It’s been many years and now I spend my time with children at a community learning centre in Hyderabad called A Little Grove. It is a small space where both parents and children come and spend time together learning various things from each other. I have often had people who visit the learning centre asking me what inspires me to spend my time in this space with children. I would generally answer how I feel there is a need for diverse learning spaces to exist, including spaces where children are given an opportunity to participate in constructing their learning environment instead of being mere consumers of knowledge segments that we adults/experts have decided for them. Somewhere deep within however, I can see that it is not so much about what we can give to these children, but the simple lessons we can learn by just observing them. Over the years, children of varied ages have showed me how easy it is to live a simple life, how to be happy and peaceful for no apparent reason, how to easily forgive someone and not carry the grudge within for hours and days. They have showed me something that I barely have a memory of, how to feel truly happy in others’ happiness. And how it is our nature to be compassionate and caring.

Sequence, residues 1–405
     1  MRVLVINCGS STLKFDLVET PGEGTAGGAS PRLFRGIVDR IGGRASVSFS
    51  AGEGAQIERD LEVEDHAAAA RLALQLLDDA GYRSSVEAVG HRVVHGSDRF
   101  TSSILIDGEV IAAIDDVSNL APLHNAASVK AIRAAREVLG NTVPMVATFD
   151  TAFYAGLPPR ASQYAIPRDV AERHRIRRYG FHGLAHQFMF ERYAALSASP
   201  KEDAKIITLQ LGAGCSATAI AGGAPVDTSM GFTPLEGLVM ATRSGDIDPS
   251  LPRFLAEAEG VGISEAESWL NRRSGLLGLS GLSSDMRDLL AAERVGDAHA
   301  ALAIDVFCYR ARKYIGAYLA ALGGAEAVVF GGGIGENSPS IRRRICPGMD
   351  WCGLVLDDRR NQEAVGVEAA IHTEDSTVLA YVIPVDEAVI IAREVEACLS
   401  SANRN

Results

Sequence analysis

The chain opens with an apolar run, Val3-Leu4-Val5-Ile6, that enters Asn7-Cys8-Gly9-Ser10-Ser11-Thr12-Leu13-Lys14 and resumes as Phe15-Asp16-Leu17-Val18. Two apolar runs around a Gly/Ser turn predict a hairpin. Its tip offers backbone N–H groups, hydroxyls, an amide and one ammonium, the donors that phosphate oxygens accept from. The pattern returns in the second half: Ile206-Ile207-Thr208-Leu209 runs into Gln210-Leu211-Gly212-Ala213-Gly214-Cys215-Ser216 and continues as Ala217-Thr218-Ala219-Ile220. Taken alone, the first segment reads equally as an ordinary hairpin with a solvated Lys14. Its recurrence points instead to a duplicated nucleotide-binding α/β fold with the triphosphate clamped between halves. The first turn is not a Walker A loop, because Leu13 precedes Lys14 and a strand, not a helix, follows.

About four years ago, a young boy came to our centre. He was a misfit in the conventional school setup. He had the habit of repeating what others were saying. I did not know how to work with him. He would sit in the class and start repeating things, mumbling to himself. It was only a week or two later when I was sitting and struggling to teach him math that two children came to me and told me that I should work with him in art instead. They brought some of the work he had done. There were beautiful sketches of the temples, monuments he had visited. He was able to remember the intricate details and tried putting them on paper. It was these children who understood him and helped me understand him. Ever since I have seen that a lot of time its children more than the adults who are able to connect to and understand other children of different age groups more easily and thereby help each other face the little difficulties of life.

When I was young, I wanted to become a monk, go to a forest and sit under the trees and learn the truth about life. Life though had other plans for me and I ended up working with children in a city. Sometimes I feel that maybe it did not turn out to be very different from what I had planned. There are moments when I think of myself as a simple monk seeking peace and these children are the trees that are helping me understand little by little.

The author spends his time working with children and adults at a small community learning space called A Little Grove (www.alittlegrove.in). He loves music, making things with hands and is currently exploring the art of wood whittling. He can be reached at [email protected].